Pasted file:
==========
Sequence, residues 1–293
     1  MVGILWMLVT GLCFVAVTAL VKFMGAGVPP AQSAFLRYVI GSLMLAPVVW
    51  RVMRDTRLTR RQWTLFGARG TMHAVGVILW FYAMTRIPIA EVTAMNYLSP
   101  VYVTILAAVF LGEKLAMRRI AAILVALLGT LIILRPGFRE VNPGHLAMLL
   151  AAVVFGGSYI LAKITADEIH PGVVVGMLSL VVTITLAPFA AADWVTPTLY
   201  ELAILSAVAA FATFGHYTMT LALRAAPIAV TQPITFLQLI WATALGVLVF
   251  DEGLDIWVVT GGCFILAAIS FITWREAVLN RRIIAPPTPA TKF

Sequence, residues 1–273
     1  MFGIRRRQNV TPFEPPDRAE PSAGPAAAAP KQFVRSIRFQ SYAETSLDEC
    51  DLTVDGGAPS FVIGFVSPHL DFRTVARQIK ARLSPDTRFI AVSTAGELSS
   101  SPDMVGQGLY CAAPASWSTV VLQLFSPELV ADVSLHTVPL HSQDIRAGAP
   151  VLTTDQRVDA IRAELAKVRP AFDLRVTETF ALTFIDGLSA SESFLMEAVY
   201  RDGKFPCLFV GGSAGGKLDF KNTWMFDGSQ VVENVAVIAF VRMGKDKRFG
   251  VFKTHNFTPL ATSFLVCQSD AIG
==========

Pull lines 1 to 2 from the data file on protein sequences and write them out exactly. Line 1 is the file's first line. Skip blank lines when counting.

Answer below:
Sequence, residues 1–293
     1  MVGILWMLVT GLCFVAVTAL VKFMGAGVPP AQSAFLRYVI GSLMLAPVVW